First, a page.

By reading the last three paragraphs alone, you can begin to see just how varied property investing is - and why you don't need to shy away from making property investments just because buy-to-let isn't as attractive as it once was.
How do you make a decision on which property opportunity to invest in?
One of the most difficult decisions you'll have to make as a result, however, is which property opportunities you should invest in. The variety is undoubtedly fantastic, but when you have options, you have questions.
We always recommend taking professional advice before making any form of investment, but one of the first questions you'll most likely be asked is that mentioned above - whether you want to invest for growth or for income (i.e., do you want to invest and ideally see a return after a period of time, or do you want to invest and see a regular yield?).
It may sound like somewhat of a high level question when you have a whole host of variables to take into account, but making a decision here can help reduce the options from which you have to choose.
For instance, if you're looking to invest a lump sum into an opportunity with the aim of seeing a return after a period of several years, and have a preference for residential opportunities, you may want to consider a residential development project, such as Chilton.
Targeting a 1.5x multiple of money return, it's anticipated that returns would be seen within an 18 month period from the date work starts. Therefore, if you invested £10,000 into the property opportunity today, you could expect to see a return of £15,000 - should the target be met - by the end of 2019.
On the opposite side - investing for income - residential buy-to-let opportunities have obviously been the 'go to' for such investments, but access to other income-based opportunities are more readily available than ever before.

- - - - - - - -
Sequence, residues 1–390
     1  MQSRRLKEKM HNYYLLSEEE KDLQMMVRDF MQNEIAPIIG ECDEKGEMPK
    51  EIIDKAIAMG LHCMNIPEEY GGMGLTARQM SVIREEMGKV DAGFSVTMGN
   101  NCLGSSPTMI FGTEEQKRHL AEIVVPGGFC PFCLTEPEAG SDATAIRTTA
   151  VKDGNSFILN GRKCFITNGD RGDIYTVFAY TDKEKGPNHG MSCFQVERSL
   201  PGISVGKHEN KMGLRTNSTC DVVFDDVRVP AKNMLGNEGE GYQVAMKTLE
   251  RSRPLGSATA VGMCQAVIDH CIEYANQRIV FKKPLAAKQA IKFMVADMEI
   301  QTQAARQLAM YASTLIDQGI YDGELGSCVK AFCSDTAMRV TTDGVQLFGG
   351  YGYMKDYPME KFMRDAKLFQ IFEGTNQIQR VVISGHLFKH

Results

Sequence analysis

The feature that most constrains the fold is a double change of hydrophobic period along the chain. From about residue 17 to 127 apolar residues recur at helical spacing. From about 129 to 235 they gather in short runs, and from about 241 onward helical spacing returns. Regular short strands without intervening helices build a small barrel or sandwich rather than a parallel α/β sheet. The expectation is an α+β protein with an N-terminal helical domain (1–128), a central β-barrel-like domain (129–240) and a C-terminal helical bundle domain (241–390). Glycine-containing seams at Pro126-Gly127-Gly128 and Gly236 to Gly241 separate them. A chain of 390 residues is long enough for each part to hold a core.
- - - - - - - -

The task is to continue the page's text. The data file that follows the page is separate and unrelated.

Property funds or REITS (Real Estate Investment Trusts) are an ideal example. Investing your money into such funds can pay six-monthly (sometimes quarterly) dividends, obviously dependent on the funds' performance.
Similarly, there are some very interesting and innovative fintech products that are seeing new property investment opportunities come to the market that can realise monthly returns, such as property bonds. These are particularly new, but it's without doubt exciting to see how they will continue to grow.
And of course, it's important to keep in mind that as with any investments, returns from property opportunities aren't guaranteed. But this itself can be mitigated with property, as diversification is particularly easy to achieve with property alone (which is something we've touched on directly).
Property investing is about so much more than buy-to-let
Whilst buy-to-let has long been a favourable option for property investors - particularly those looking for a monthly yield - it's in no way the only option available.
A sector that has a wealth of opportunities available, there's genuinely an option for most investors, almost irrelevant of everything from what your aversion to risk is right through to what your requirements from financial investments are.